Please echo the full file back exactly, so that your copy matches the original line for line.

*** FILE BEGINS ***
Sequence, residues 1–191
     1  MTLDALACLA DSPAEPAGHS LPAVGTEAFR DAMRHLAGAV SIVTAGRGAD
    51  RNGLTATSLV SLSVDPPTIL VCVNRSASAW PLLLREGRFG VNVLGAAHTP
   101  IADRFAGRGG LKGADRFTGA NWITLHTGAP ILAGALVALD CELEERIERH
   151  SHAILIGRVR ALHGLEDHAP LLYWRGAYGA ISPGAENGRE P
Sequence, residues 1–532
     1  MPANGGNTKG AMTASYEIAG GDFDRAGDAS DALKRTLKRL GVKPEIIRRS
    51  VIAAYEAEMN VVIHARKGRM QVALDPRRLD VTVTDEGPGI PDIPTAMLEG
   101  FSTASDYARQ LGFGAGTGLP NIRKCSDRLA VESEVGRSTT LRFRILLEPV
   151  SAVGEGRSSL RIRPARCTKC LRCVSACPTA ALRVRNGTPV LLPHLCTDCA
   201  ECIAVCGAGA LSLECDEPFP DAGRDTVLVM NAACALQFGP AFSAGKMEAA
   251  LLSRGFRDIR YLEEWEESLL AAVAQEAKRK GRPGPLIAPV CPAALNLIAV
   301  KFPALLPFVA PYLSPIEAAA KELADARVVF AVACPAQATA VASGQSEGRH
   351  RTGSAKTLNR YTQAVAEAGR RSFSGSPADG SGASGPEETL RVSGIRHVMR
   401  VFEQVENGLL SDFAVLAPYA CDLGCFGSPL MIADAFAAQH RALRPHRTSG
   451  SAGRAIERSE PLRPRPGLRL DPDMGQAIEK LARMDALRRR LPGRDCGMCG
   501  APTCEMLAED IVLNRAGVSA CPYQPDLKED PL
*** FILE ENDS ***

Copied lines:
Sequence, residues 1–191
     1  MTLDALACLA DSPAEPAGHS LPAVGTEAFR DAMRHLAGAV SIVTAGRGAD
    51  RNGLTATSLV SLSVDPPTIL VCVNRSASAW PLLLREGRFG VNVLGAAHTP
   101  IADRFAGRGG LKGADRFTGA NWITLHTGAP ILAGALVALD CELEERIERH
   151  SHAILIGRVR ALHGLEDHAP LLYWRGAYGA ISPGAENGRE P
Sequence, residues 1–532
     1  MPANGGNTKG AMTASYEIAG GDFDRAGDAS DALKRTLKRL GVKPEIIRRS
    51  VIAAYEAEMN VVIHARKGRM QVALDPRRLD VTVTDEGPGI PDIPTAMLEG
   101  FSTASDYARQ LGFGAGTGLP NIRKCSDRLA VESEVGRSTT LRFRILLEPV
   151  SAVGEGRSSL RIRPARCTKC LRCVSACPTA ALRVRNGTPV LLPHLCTDCA
   201  ECIAVCGAGA LSLECDEPFP DAGRDTVLVM NAACALQFGP AFSAGKMEAA
   251  LLSRGFRDIR YLEEWEESLL AAVAQEAKRK GRPGPLIAPV CPAALNLIAV
   301  KFPALLPFVA PYLSPIEAAA KELADARVVF AVACPAQATA VASGQSEGRH
   351  RTGSAKTLNR YTQAVAEAGR RSFSGSPADG SGASGPEETL RVSGIRHVMR
   401  VFEQVENGLL SDFAVLAPYA CDLGCFGSPL MIADAFAAQH RALRPHRTSG
   451  SAGRAIERSE PLRPRPGLRL DPDMGQAIEK LARMDALRRR LPGRDCGMCG
   501  APTCEMLAED IVLNRAGVSA CPYQPDLKED PL